There was hashgacha pratis in how Daniel died as well, according to Beth. “He was with four other soldiers and 1 Iraqi interpreter in a Bradley tank. They were all killed by an IED. [The explosion] was so massive that the tank went under the ground. Because Daniel was ‘caged’ as the driver, he was intact.” Had he not been the driver, he would not have been easily found. “They were able to recover him quickly because of this miracle, he was able to get back for a timely burial.” While the Agamis had an option to bury Daniel at Arlington, he had requested that he be buried at a Jewish cemetery near their home. “Thank God he told us.” They brought him back on a private jet with Colonel Rabbi Goldstein, ret. “It was the biggest funeral that was ever held at that cemetery. It made the news around the world. The ambassador from the Miami consulate came. It was extremely rare for a Jewish fallen soldier on the front lines, especially so as an observant Jew.” The funeral was a combination of Jewish and military tradition. “We did an 18 gun salute instead of the 21 gun salute. I was handed the folded flag when they did the 18 gun salute. Someone had picked up the [spent] bullets and put them inside the flag. One was in the shape of the Star of David. It was just too much. I took the bullet and made it into a necklace to wear on Memorial Day.”

While the dreaded image of the soldiers in Class A uniforms arriving at a family’s door is a parent’s worst nightmare, the Agamis were consoled by the fact that their son Ilan had gotten married 10 days before Daniel’s death. “It was a rollercoaster of emotions. Ilan and his wife were on a cruise ship when they got the news. They [alighted] the ship immediately and came home immediately and we all got prepared for the funeral.” The hand of Hashem is clear in the Agamis’ lives in their journey with their daughter Shaina as well. Having survived a life-threatening illness in high school, she transferred to homeschool the week before the Parkland Massacre. “She knew every one of those kids who died. A lot of them were Jewish. The teachers that she saw every day were killed.” After so much tragedy in her young life, Shaina went to Beer Miriam and is now thriving in college.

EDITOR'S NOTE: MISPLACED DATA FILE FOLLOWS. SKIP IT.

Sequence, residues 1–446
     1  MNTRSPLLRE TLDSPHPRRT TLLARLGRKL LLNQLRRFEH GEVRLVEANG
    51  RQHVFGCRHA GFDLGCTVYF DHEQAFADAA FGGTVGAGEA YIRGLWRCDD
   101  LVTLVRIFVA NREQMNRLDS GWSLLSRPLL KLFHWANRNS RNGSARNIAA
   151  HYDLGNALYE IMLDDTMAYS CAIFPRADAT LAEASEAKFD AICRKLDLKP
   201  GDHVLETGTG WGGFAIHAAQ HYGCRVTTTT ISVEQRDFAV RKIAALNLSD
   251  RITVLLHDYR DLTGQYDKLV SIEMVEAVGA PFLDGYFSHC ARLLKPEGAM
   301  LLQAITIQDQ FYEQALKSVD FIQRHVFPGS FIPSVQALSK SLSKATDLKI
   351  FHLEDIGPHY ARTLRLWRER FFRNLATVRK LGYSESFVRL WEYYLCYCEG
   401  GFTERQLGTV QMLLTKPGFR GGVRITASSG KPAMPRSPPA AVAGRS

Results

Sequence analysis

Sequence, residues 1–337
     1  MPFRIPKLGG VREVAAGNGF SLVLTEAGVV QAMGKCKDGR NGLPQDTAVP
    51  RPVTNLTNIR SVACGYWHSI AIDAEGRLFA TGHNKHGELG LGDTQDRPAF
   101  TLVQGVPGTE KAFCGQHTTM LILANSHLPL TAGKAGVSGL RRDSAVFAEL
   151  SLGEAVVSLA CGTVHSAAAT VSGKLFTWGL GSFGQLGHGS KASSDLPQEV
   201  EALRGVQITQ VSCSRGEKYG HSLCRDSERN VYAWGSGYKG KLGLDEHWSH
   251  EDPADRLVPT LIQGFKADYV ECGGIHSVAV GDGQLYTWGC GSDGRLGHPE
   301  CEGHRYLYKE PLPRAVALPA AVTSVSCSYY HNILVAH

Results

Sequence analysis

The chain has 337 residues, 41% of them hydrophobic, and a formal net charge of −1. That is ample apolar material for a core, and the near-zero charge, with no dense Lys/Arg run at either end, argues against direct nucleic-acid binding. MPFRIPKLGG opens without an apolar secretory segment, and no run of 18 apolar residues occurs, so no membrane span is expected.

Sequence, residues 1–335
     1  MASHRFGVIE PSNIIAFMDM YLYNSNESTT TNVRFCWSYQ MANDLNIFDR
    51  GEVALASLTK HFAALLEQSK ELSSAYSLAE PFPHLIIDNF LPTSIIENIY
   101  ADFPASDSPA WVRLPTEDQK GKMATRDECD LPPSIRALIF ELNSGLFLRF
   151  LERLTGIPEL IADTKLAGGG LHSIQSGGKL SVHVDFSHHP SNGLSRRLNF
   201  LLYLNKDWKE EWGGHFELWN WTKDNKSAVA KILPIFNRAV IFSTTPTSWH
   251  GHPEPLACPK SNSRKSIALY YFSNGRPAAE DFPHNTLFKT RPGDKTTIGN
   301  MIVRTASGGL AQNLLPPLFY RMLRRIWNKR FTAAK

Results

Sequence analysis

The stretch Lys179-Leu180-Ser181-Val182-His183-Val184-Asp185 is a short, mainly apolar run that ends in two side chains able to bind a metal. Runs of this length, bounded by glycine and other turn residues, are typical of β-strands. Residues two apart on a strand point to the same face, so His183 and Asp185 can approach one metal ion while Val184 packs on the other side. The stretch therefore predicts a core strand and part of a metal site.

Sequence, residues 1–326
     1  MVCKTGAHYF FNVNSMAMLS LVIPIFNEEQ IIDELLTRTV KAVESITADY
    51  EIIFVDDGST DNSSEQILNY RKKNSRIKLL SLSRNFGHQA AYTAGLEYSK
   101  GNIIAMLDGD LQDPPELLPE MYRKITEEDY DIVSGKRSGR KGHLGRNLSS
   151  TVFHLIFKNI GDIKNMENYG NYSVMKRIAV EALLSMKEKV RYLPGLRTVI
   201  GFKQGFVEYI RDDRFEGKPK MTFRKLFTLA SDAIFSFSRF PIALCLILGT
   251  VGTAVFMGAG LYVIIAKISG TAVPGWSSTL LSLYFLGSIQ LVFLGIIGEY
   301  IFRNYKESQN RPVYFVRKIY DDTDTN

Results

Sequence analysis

Every year, Beth is requested to speak around Daniel’s yahrzeit and on Memorial Day. Her message is both hopeful and blunt: “If you don’t have the faith you’re screwed! [But honestly,] where [else is a person supposed to] go with this?” She has connected with other Gold Star parents, only to realize that her situation is unique. “It’s very hard to be the [only] Jewish person in all of this. But we have our own way of dealing with it and this is what it is.” Beth is practical and positive in her outlook, “We just always try to look forward. There’s nothing I can do to fix this, we can’t bring him back. But we know that Hashem needed him on that day, and that’s it. That was going to be his day no matter what, whether he was in Iraq or in Florida.” This is the key to her strength. “I cannot continue on with my life and bring the people around me down. Other Gold Star families, this is all that their lives are about. There is no way that Daniel would ever want me to be that way. He would want us to live and I would be doing him a disservice if I didn’t do that with my life. All I can do is try to inspire other people.” She is grateful for every moment she had with Daniel and tries to impart the same feeling to others. “Think about the good times. Without that you’re doomed.”

Beth sees so many good things that have come out of Daniel’s passing. Shaina raised $10,000 for the Alef Institute for her bat mitzvah by selling camouflage “Kombaticahs” military-style kippahs as Daniel called them. “Alef gave her a beautiful plaque.” In another stunning tribute, Ilan’s son, named Daniel for his late uncle, is being bar mitzvahed this year. “We need to remember him. There isn’t a day that goes by that you don’t. It’s our lifelong handicap.”

Daniel’s Class A U.S. Army uniform is on permanent display at the National Museum of American Jewish Military History (NMAJMH) in Washington, DC. May his memory forever be a blessing.